WASHINGTON – Well before the financial crisis materialized, federal regulators identified risk management weaknesses at financial institutions but did not demand improvements, the Government Accountability Office will tell a Senate panel today.
While regulators recognized that bank executives were underestimating risks and relying on weak models and stress tests, GAO said they were blinded by a belief that banks were well capitalized.
“Regulators told us that despite these identified weaknesses, they did not take forceful action – such as changing their assessments – until the crisis occurred because the institutions reported a strong financial position and senior management had presented the regulators with plans for change,” Orice Williams, the GAO’s director of financial markets and community investment, said in prepared testimony. “Regulators acknowledged that in some cases they had not fully appreciated the extent of these weaknesses until the financial crisis occurred and risk management systems were tested by events.”
Williams will testify this afternoon at a Senate Banking subcommittee hearing on regulators’ oversight of risk management. She will be joined by regulators from the Office of Thrift Supervision, Federal Reserve Board, Office of the Comptroller of the Currency and the Securities and Exchange Commission.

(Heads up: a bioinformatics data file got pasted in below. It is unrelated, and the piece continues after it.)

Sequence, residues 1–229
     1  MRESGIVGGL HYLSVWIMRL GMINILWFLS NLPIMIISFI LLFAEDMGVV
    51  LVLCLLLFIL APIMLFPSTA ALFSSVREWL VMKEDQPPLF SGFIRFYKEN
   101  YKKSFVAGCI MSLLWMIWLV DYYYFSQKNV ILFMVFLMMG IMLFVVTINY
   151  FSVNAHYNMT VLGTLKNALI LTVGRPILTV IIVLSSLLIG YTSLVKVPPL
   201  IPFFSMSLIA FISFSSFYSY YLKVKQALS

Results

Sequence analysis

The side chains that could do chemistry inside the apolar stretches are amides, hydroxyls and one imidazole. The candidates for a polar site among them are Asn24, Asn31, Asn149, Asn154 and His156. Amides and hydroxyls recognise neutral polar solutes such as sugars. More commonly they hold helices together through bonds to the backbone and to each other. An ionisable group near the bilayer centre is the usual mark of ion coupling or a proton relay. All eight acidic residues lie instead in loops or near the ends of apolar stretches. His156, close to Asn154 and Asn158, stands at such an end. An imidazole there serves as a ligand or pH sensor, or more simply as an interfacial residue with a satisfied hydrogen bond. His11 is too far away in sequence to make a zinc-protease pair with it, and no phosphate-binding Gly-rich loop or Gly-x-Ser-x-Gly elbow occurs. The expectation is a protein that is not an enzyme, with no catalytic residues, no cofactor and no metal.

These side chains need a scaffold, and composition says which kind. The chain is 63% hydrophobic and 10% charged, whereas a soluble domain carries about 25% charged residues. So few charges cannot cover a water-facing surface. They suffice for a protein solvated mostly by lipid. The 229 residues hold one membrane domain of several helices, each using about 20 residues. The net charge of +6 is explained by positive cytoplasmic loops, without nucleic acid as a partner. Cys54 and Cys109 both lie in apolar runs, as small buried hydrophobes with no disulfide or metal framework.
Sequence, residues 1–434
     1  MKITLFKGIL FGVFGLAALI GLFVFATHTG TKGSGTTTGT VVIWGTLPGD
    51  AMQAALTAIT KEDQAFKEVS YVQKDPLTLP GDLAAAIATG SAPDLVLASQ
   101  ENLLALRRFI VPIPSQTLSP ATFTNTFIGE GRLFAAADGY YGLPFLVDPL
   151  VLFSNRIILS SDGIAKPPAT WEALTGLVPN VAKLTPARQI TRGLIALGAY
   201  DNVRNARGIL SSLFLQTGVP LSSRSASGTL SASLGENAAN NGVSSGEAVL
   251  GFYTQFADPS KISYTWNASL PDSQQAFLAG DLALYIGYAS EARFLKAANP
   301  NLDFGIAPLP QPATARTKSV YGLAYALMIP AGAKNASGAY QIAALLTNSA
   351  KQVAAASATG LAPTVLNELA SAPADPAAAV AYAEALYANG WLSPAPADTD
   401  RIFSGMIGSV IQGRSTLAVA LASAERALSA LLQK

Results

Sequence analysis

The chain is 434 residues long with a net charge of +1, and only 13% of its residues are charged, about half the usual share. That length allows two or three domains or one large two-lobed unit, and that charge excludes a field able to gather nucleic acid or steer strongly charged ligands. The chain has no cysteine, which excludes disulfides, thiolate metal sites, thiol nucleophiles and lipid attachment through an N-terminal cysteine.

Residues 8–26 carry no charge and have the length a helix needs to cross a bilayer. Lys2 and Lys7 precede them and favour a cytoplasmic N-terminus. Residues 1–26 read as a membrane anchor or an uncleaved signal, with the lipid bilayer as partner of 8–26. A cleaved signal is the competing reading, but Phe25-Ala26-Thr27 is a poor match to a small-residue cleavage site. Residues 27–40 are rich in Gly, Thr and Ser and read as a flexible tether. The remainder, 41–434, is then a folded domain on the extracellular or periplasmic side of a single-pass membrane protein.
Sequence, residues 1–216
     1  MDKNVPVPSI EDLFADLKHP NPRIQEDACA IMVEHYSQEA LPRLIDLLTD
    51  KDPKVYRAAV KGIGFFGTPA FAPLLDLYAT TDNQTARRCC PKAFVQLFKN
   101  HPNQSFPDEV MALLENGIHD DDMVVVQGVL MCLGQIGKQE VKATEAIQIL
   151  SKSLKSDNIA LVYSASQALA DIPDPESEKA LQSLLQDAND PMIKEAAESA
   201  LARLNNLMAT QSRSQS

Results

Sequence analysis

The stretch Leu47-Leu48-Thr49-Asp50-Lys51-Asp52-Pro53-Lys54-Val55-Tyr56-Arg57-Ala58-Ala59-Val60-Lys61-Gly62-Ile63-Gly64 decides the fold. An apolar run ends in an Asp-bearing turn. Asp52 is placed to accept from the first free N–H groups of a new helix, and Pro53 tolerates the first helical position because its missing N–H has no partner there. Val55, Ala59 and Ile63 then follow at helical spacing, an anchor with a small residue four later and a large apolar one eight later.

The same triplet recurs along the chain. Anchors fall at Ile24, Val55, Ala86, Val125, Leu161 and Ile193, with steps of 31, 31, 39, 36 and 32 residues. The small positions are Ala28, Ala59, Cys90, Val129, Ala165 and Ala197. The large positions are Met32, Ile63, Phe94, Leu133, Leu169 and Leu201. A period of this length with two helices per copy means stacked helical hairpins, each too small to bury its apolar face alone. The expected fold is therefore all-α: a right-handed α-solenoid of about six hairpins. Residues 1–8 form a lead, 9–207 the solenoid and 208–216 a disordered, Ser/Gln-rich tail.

The GAO’s report does not name the institutions involved in their review or the agencies that conducted the examinations in question. But several examples included in the report symbolize fundamental weaknesses in risk management.
In one case, a regulator told an institution’s board of directors in 2006 that an examination found senior management was not adequately overseeing risk management, financial reporting and internal audits.
“We found that the regulator continued to find some of the same weaknesses in subsequent examination reports, yet examiners did not take forceful action to require the institution to address these shortcomings,” Williams said in her testimony. “When asked about the regulator’s assessment of the holding company in general and risk management in particular given the identified weaknesses, examiners told us that they had concluded that the institution’s conditions were adequate, in part because it was deemed to have sufficient capital and the ability to raise more.”
That assumption, of course, later proved false for many financial institutions when credit markets began to freeze in mid-2007.
In another example, regulators wrote a letter to senior management of an institution in 2005 seeking resolution to a number of problems, including lax enterprise-wide risk management, scant definitions of risk types and weak policies on handling new products. The GAO noted the institution still received a satisfactory exam rating “because senior management reported that they planned to address these weaknesses.”
Regulators also admitted to relying too heavily on an institution’s assessment of its own risk. One examiner relied on a manager’s review of risk from subprime mortgages which, the GAO said were based on a “lack of historical losses.”
The GAO’s findings come as lawmakers debate how to create a regulator to supervise activities at the largest, systemically important institutions. The watchdog agency said that, in the absence of such a supervisor, regulators might not have had a full view of the risk in the industry leading up to the financial crisis.